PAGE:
Occasionally I'm asked for recommendations of the tools and equipment I use.
Home-working workstation #
- Klim Chroma Gaming Keyboard UK layout - £21
- When I was working in an open-plan office, my colleagues were easily able to tell when I was writing an email on the "standard" HP keyboard, and I was often asked if I was angry with it! Now working from home, sharing an office space with my wife, I thought that a quieter keyboard would be appropriate. It does have garish backlit keys (which I've turned off), and that means that the keycaps are quite faint, encouraging good typing habits.
- Logitech K120 - £8
- I happily used this before upgrading to the Klim keyboard above. It's an excellent keyboard, although noticeably louder when typing.
Laptop stand #
- Kensington Laptop Stand - £14
- This is such a simple solution - a well-made piece of plastic, adjustable to multiple heights, meaning that I didn't need to buy a second monitor in order to have the screen at the right height.
- Dell UltraSharp U2412M monitor - 1920x1200 resolution - £205
- I'm quite "old-school", and if I have to work with widescreen monitors with a 1920x1080 resolution, miss the extra 120 pixels at the bottom of the screen. I'd much rather have a single 1920x1200 monitor, next to a laptop on a stand, than a pair of 1920x1080 monitors.
Docking station #
- Plugable USB 3.0 Universal Laptop Docking Station for Windows - £79
- If you have a laptop with USB 3.0, then I highly recommend this, as it means only a single cable to plug in, to get access to keyboard, mouse, webcam, speakers, and especially, monitor.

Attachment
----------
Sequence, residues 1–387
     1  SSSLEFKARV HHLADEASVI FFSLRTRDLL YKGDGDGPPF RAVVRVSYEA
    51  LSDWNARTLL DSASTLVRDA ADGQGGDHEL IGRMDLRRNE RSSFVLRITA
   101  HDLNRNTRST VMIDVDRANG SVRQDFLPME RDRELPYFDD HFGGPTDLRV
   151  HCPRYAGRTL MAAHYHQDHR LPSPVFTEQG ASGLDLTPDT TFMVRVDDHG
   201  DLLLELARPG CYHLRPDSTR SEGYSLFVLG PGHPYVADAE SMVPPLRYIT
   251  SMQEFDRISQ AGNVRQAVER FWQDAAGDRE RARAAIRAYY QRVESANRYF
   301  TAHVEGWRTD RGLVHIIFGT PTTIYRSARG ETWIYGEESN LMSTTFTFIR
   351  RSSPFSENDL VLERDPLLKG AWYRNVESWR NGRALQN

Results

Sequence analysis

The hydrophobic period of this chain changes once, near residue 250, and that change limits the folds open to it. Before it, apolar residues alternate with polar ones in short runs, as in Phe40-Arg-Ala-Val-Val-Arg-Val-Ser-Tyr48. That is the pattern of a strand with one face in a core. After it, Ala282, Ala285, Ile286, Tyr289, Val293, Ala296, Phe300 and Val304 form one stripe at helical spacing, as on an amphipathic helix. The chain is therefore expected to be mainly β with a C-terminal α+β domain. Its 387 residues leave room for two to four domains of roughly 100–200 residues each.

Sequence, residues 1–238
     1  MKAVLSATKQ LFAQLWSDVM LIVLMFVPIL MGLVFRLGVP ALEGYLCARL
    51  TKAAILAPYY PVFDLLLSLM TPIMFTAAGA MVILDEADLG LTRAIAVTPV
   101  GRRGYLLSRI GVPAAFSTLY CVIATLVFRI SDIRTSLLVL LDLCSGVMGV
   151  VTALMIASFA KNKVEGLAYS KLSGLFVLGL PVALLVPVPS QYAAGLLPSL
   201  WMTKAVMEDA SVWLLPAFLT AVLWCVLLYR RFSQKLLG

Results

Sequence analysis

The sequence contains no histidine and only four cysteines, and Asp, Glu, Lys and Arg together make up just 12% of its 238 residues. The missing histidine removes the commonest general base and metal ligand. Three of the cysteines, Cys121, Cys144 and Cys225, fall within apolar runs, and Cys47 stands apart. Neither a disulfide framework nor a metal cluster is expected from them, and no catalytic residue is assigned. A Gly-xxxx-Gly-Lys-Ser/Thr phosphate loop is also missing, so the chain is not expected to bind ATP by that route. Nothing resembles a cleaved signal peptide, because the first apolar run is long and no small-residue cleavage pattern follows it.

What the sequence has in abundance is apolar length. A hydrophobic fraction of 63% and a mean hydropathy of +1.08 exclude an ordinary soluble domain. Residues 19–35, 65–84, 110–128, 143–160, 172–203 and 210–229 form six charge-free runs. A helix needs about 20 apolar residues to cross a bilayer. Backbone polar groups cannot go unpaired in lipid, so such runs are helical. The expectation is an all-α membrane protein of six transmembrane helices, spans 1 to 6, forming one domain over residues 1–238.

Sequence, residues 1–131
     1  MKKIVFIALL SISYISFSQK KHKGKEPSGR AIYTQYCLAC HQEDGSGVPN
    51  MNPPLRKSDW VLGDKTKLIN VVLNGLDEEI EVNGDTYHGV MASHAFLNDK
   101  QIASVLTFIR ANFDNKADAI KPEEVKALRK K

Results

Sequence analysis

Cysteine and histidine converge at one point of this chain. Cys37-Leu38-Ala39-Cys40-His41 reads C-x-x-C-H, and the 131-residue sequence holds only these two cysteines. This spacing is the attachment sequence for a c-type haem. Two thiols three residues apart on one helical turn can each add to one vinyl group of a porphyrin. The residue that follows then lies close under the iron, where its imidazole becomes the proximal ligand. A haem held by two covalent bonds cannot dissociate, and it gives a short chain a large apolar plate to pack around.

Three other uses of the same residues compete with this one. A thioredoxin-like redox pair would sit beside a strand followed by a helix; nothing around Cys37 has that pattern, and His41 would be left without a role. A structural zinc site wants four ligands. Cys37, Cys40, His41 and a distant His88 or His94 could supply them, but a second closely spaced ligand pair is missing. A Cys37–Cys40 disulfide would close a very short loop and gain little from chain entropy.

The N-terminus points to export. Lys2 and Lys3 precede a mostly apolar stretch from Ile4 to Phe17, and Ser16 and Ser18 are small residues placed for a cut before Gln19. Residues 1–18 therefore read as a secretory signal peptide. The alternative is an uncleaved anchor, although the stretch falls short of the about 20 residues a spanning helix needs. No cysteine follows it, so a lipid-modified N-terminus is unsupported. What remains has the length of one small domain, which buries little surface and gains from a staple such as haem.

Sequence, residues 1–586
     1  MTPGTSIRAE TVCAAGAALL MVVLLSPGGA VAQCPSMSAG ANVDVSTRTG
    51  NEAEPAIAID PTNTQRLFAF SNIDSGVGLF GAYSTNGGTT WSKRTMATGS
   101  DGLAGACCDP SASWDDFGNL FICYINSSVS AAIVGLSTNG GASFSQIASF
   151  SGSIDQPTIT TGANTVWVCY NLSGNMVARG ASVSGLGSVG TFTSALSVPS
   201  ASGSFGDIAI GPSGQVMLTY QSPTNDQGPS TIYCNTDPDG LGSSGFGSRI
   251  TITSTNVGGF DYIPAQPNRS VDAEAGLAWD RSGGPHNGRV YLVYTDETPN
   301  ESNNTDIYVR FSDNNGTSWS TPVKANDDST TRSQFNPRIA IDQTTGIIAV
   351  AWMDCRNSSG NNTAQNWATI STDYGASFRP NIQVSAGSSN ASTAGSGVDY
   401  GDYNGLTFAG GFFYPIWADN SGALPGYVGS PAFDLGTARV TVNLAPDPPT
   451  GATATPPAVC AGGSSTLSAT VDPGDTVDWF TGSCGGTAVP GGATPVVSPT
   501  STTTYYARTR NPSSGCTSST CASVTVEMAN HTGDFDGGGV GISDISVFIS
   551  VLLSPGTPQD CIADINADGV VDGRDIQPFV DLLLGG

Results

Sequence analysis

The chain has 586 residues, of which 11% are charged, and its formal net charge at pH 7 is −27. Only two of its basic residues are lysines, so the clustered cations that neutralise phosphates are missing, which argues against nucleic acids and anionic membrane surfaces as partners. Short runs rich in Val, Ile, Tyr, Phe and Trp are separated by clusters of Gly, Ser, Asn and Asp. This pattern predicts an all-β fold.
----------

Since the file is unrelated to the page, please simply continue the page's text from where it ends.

Audio equipment #
USB audio #
- Samson Go Mic Portable USB Condenser Microphone - £55 - it was this review on YouTube from Christopher Randall that convinced me.
XLR audio #
- Zoom H5 Portable Recorder - £195
- Behringer XM8500 Ultravoice Dynamic Microphone - £16
- Samson SAMD5 Desktop Microphone Stand - £14
- No Bull XLR to XLR cable - £8
- In a range of length and colours, so that you can easily tell channel 1 from channel 2.
Audio - what I didn't buy #
- Inline pre-amp. This YouTube video - Do you really need a Cloudlifter or FetHead kept me from nerding out and buying additional equipment. I had started to read blogs which were suggesting a filter - either the the Cloudlifter - £269 which adds 25dB, or the Triton FetHead - £66 which adds 22dB.
- How good is the pre-amp in your audio recorder? (He compares the -130dBu reduction of the Fethead with the -120.5dBu on the Zoom H5)
- He then compares the much more expensive Shure SM7B - £379. Because of their sensitivities (-59 dBV/PA for the SM7B vs -50 dBV/Pa for the XM8500), we learn:
- SM7B required a gain setting on the Zoom of 7.0
- XM8500 required a gain setting on the Zoom of 5.5
- He helpfully summarises in non-technical language:
the electrical signal coming out of the XM8500 will be about 9 decibels higher in amplitude out of the SM7B. This way, you do not have to use as much amplication with the XM8500 as you do with the SM7B, and thus can get a lower noise floor.